National Gallery of Victoria, 30 November 2012 to 17 March 2013
Representations of representations. Photos of sculptures. Thomas Demand produces incredible images, beautifully presented as prints on perspex. Famously, he makes models of objects, of entire scenes in fact, out of cardboard and paper and then photographs them. The skill in the making, coupled with the skill of the photography, results in highly realistic scenes that can fool you into thinking you’re looking at a photo of an actual bathroom, science lab or sweep of lawn. Something nags at you until the penny drops though and you realise that these are paper models. That moment of shift is only a tiny fraction of the joy of his work. Of course, once you know that about the images, the effect is expected at each new encounter. And while it continues to register as an effect, there’s got to be more to keep you engaged. And more there is.
Thomas Demand, Copyshop (1999)
Demand shoots his images of spaces – whether a section of a Parliamentary chamber, a photocopy room or a cheese-maker’s workshop – predominantly from a diagonal angle, which activates a sense of dynamism and enhances the feeling of documentation of an actual location. His scenes are devoid of human presence and register as places of quiet stillness. But these places evoke the ghostly presence of the recently absent. There are hints of occupation – an opened copy machine lid with pad and pencil, a pushed back chair, a filled bath. And this all echoes the invisible hand of the artist’s inventive creation of those spaces in the first place. The puppet-master lurks silently behind everything, emerging only momentarily with the glimpse of a wire armature on a tree branch or a slightly less-than-solid machine side panel. The hand of the artist is ever present and yet buried in illusion.
It’s at this point that I’m reminded of Adam Smith’s ‘invisible hand’ of market economics. Which confronts me again with full force, from a different angle, when viewing Bullion (2003). A pile of gold bullion is nothing but folded gold paper in this smaller work. And a pile of folded paper can be something akin to a pile of gold bullion in the conversion exchange of the global financial market. Furthermore, art can be a conversion to both paper money and gold bullion in the bureau de change of the international art market. Is it all illusion in the end? Which material outcome is dominant in this slip-slide transition from form to meaning to form?
The absence of living things in the work doesn’t strip the work of life. In fact, it feels charged in a way that is not expected from seeing the works in reproduction online or in magazines. Perhaps it is the scale of the works themselves, large enough to feel that you could almost step into the scenes. Perhaps it is the manner in which they are printed onto perspex, with its semi-gloss/semi-translucent surfacing. Perhaps it is that sense of recent occupation created by the positioning of objects. Enlivening, in an all together more apparent way, is the three video pieces in the middle section of the exhibition. The first work, Regen (2008), is an animation of falling rain on a concrete-like surface. Sound accompanies the video and amplifies a sense of immersion. Simple but highly captivating, Demand very astutely represents the falling raindrops, with splashes appearing randomly and without apparent pattern, evocatively replicating the mesmerising and hypnotic effect that comes from staring at the chaos of nature, as into the flames of a fire.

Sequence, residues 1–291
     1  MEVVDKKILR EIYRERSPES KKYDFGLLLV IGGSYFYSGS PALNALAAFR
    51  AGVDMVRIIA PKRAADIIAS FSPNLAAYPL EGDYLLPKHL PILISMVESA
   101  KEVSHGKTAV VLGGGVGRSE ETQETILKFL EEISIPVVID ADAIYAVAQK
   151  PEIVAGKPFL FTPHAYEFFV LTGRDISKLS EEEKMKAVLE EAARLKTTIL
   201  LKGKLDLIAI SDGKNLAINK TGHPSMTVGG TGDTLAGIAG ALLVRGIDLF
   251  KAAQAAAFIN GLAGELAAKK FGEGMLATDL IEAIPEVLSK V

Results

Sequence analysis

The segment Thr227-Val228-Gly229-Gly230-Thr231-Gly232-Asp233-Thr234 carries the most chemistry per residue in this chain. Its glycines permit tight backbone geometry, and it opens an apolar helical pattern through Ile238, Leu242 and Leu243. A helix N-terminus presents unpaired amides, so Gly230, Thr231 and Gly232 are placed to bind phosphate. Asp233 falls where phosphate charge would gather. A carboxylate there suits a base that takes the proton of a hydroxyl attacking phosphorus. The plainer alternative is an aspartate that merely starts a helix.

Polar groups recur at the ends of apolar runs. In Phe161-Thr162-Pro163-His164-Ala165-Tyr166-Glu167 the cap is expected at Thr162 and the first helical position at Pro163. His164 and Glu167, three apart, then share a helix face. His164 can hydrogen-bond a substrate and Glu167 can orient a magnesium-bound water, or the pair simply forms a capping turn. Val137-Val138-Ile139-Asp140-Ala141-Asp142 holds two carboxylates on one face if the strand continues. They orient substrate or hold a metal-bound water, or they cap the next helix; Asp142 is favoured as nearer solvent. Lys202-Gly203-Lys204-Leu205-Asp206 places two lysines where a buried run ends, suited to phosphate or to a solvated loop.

In Pacific Sun (2012) a powerful work reproduces the effect of a ship’s cafeteria being tossed about in hazardous seas. Chairs and tables, cash registers and cupboards, are dragged from one side of the room to the other with the force of gravity. The camera holds still, as if a recording from a CCTV from on high, and while the room stands still, the contents are strewn. It’s impossible not to feel the tug of gravity on your own central nervous system. And all the while, in a third video projection set high above you, on the opposite wall to Pacific Sun, an animation of a CCTV camera sweeping back and forth plays on loop. It’s clear, as we well know by now, that this is a sequence of photographs of a sculpture made of paper. And yet, the feeling of watching the object that watches, and actually of being watched still registers somewhere in your gut.
There’s a dominance of institutional scenes in the show but Demand has turned his hand to replications of nature as well. In fact, the first main image you see is of a forest canopy, Lichtung (2003), striking in its use of light as a material presence on par with the paper of the objects. Another work, Grotte (2006), is of a large cave, complete with stalagmites and stalactites. The layering of the cardboard used to build up the rock formations giving the work a pixelated feel. Where some institutional scenes raise issues around models of models (Parliament as model microcosm of society, acoustic studio as model of engineering outcomes, science lab as model of empirical testing), these natural scenes raise the same provocations from a different angle – as models of idyllic locales normally only received in imagery from nature documentaries.
This show partners wonderfully with the exhibition of Jeff Wall’s photography at the NGV Ian Potter. In fact, your ticket to either show includes admission to the other, and it’s well worth seeing both. And not just because they’re interesting shows in their own right, but because there is a variety of relationships that run between the shows as well. These are powerhouse artists dealing with an interest in human labour and in our relationship to the spaces we build and occupy. Wonderful stuff and a testament to photography’s power as an artform.